Report: CIA Worked With Libyan Intelligence, Utilized Libya As Site For Secret Interrogations

The collapse of the Libyan government has led to the discovery of a treasure trove of documents, including evidence of close cooperation between the CIA and Libyan Intelligence in the rendition and torture of suspected al Qaeda members:

Documents found at the abandoned office of Libya’s former spymaster appear to provide new details of the close relations the Central Intelligence Agencyshared with the Libyan intelligence service — most notably suggesting that the Americans sent terrorism suspects at least eight times for questioning in Libya despite that country’s reputation for torture.

Although it has been known that Western intelligence services began cooperating with Libya after it abandoned its program to build unconventional weapons in 2004, the files left behind as Tripoli fell to rebels show that the cooperation was much more extensive than generally known with both the C.I.A. and its British equivalent, MI-6.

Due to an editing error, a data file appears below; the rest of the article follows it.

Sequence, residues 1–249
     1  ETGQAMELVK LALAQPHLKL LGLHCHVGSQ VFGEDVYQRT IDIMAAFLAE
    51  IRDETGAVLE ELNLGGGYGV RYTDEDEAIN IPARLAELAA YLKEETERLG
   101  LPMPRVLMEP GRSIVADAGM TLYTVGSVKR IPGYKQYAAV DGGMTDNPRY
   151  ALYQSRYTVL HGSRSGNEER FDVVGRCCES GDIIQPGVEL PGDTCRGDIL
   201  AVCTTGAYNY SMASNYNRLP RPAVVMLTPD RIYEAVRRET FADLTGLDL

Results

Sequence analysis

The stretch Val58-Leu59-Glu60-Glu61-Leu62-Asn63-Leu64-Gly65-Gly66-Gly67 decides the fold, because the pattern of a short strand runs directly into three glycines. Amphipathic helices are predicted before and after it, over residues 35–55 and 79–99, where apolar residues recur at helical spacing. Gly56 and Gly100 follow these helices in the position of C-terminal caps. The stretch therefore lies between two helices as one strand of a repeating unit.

Some documents indicate that the British agency was even willing to trace phone numbers for the Libyans, and another appears to be a proposed speech written by the Americans for Col. Muammar el-Qaddafi about renouncing unconventional weapons.

The documents were discovered Friday by journalists and Human Rights Watch. There were at least three binders of English-language documents, one marked C.I.A. and the other two marked MI-6, among a larger stash of documents in Arabic.

(…)

The flurry of communications about renditions are dated after Libya’s renouncement of its weapons program. In several of the cases, the documents explicitly talked about having a friendly country arrest a suspect, and then suggested aircraft would be sent to pick the suspect up and deliver him to the Libyans for questioning. One document included a list of 89 questions for the Libyans to ask a suspect.

While some of the documents warned Libyan authorities to respect such detainees’ human rights, the C.I.A. nonetheless turned them over for interrogation to a Libyan service with a well-known history of brutality.

One document in the C.I.A. binder said operatives were “in a position to deliver Shaykh Musa to your physical custody, similar to what we have done with other senior L.I.F.G. members in the recent past.” The reference was to the Libyan Islamic Fighting Group, which was dedicated to the overthrow of Colonel Qaddafi, and which American officials believed had ties to Al Qaeda.